December 18, 2015
Azad Foundation organized a One Billion Rising (OBR) event in Jahangirpuri, a low-income area of Delhi, on December 17, 2015. Azad Foundation does extensive work with and for women, including a program that trains resource-poor women in Delhi, Kolkata, Jaipur and Indore as taxi drivers. Only women can order these taxis, although men can travel in them if they are with women companions. This particular event sought to raise Jahngirpuri residents’ consciousness about discrimination against girls and all forms of violence against women.
First, musicians played instruments and sang songs exploring issues of discrimination and violence in a central location in a neighborhood in Jahangirpuri. Many local residents came out of their homes when the performance began, and sang along throughout. Azad Foundation’s taxi driver trainees danced to several of the songs and OBR materials were distributed to the audience. This performance created a festive atmosphere that was conducive for education on issues of gender-based discrimination.
More than 20 street theatre actresses and actors from a well-know theatre group – ASMITA – then began their performance. They mobilized the community by walking around the neighborhood playing drums and calling-out to residents to come watch the play. An energetic performance that discussed discrimination against girls was held. One key storyline in the play was that of a young girl who wanted to go to school but was prevented from doing so by her father who wished to save the family’s money for her dowry. The suffering that this girl endured and the negative impact of dowry on families and communities were explored.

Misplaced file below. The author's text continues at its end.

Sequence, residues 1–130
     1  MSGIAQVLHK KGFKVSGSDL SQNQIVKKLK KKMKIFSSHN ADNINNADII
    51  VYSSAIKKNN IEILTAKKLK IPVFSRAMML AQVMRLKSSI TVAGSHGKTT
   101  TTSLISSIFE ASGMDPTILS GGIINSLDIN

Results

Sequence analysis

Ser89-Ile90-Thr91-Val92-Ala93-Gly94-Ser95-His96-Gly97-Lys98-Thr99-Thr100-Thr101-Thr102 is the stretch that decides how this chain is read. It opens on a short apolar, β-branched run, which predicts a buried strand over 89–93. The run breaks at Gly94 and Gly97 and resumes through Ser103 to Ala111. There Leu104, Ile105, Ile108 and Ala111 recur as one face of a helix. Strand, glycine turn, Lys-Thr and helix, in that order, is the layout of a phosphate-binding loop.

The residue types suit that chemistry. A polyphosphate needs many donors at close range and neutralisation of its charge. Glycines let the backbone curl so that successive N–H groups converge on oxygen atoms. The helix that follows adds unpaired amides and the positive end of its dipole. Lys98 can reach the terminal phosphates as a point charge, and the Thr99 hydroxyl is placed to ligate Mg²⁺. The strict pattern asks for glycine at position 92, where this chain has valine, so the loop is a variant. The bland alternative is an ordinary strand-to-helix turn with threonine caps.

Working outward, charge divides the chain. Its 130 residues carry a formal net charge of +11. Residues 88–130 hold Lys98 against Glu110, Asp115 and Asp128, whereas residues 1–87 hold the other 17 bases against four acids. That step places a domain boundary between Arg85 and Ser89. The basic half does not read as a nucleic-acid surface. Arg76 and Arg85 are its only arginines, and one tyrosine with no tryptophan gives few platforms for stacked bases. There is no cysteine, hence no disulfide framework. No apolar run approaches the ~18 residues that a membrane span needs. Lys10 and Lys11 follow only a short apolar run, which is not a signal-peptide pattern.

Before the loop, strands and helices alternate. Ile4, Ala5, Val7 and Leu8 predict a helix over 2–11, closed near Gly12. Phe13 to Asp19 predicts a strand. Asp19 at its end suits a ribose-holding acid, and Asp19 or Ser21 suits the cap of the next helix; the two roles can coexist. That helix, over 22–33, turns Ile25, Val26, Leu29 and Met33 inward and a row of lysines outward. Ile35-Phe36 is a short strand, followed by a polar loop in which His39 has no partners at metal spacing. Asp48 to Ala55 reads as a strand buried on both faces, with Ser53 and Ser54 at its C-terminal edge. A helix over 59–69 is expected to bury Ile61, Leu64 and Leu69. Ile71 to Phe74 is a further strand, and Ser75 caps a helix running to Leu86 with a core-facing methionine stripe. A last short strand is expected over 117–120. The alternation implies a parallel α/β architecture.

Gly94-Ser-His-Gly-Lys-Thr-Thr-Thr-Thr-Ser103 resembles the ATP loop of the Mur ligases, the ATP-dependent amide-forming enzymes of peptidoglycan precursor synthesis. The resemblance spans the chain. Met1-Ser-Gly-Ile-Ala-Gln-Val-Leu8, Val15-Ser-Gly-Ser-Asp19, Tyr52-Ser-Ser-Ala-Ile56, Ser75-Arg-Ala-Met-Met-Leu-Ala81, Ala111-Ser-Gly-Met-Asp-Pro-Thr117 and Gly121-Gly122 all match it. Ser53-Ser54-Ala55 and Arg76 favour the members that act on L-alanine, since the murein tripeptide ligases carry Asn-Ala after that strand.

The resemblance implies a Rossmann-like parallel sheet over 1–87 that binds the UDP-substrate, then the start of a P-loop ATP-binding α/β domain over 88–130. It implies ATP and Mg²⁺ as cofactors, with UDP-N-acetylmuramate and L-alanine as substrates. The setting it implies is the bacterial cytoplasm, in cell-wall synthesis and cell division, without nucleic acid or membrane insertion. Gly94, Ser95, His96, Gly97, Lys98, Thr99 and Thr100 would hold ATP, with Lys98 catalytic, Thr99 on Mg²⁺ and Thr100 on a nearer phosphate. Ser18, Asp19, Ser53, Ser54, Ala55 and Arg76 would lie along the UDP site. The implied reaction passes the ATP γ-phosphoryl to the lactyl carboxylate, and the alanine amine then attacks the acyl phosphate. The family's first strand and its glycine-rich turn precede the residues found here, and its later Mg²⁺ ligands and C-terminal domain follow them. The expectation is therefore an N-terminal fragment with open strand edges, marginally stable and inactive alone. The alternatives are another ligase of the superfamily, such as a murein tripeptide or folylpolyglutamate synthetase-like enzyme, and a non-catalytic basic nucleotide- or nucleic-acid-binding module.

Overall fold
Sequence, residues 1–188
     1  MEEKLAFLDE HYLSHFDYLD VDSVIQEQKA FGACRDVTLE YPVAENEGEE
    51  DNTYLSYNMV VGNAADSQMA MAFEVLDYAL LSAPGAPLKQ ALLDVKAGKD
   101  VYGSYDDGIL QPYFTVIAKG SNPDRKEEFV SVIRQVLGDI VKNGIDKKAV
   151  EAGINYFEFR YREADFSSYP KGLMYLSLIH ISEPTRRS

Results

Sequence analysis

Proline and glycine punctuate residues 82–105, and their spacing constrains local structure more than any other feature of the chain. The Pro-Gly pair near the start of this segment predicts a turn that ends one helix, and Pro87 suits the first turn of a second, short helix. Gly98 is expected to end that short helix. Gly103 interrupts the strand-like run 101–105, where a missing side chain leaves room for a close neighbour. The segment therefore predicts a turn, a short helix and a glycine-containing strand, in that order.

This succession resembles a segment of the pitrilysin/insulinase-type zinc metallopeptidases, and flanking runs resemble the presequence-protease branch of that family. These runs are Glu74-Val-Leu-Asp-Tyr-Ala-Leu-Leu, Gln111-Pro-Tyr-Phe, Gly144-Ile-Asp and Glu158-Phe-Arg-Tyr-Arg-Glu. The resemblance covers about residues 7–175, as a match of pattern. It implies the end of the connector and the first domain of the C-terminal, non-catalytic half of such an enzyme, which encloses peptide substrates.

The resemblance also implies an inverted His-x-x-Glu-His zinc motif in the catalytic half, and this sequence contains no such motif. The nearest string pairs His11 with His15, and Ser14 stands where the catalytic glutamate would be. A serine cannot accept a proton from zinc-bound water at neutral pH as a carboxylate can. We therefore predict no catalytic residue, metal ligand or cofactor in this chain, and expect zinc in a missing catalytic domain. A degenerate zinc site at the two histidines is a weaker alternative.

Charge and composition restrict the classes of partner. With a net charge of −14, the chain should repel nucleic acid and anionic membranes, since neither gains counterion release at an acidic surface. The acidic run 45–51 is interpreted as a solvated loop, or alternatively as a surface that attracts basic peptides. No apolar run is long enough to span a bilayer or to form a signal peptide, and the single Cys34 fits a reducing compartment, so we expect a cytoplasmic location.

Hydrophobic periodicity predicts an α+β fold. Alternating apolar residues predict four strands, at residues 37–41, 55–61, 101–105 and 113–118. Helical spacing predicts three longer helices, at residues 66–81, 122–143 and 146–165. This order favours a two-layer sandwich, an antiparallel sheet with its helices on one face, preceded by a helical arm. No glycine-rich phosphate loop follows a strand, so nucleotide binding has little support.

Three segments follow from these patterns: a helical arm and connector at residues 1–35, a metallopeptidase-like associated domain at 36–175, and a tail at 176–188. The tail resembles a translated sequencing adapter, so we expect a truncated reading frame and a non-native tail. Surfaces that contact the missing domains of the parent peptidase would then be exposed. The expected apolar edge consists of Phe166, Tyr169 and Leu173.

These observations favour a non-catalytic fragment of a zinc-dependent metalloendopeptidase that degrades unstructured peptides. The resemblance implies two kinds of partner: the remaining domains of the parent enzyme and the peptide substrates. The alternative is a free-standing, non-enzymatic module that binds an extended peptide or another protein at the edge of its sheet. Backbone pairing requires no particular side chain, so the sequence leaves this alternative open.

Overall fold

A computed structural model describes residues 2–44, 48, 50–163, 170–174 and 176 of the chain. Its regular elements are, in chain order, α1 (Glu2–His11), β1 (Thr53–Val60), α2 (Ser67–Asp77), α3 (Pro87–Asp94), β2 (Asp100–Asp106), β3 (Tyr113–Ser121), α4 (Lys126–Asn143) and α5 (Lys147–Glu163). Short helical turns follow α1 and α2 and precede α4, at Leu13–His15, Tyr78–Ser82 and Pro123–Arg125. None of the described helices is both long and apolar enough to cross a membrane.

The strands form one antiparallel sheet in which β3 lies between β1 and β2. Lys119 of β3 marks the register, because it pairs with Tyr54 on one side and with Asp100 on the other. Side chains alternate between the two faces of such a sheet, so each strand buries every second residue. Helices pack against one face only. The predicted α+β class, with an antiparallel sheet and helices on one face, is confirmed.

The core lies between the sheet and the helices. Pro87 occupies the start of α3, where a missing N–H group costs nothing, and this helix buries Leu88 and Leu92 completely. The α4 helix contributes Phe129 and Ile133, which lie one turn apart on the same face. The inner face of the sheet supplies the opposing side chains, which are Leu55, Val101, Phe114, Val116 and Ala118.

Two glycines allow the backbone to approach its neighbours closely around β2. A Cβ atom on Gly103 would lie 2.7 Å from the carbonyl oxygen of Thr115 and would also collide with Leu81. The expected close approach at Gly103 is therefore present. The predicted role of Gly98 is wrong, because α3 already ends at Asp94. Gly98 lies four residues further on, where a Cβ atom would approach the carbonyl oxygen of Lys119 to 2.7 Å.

After the play, an Azad Foundation taxi driver trainee shared her own personal story with the audience. Her personal testimony, of the violence she endured at the hands of her parents-in-law and husband, brought tears to the eyes of many people in the audience. The audience was invited to ask questions. One eight-year-old girl approached me and said: “Ma’am, can you please speak to my mother. Can you please tell her I want to go to school?”
The taxi driver trainees, theatre actresses and actors, Azad Foundation staff members, and others then held a rally. We walked from one neighborhood to another chanting slogans, carrying placards, and passing out OBR materials to onlookers. Upon arriving in the next neighborhood, the theatre actresses and actors again mobilized the community for another play.
In this photograph, taxi driver trainees are holding a banner that says: Accept unconventional forms of work. Everyone has a right to a livelihood. That these women are learning to drive taxis is unconventional as most taxi drivers in Delhi are men.
The next play focused on violence against women and girls, with a focus on crimes that are common in the area. The actors and actresses explored the negative consequences of leering, stalking, acid throwing, child sexual abuse, and other forms of violence. A passionate woman, who was very effective in connecting with the audience, narrated the play. Throughout the performance, she would ask the audience questions such as: “What do you think of his actions?” or “Does this happen here?” The audience – consisting of girls, boys, young women, young men, women and men – was enthralled by the performance. Young men were heard telling there friends to never leer at women again and women were heard telling their friends that this was a very important message.
This event was hugely successful. Evidence demonstrates that activities such as these, often referred to as entertainment education as they are used to both entertain and educate, can be extremely effective. They can create knowledge and awareness, and over time, shift attitudes, help in the formation of positive social norms, and even transform behavior.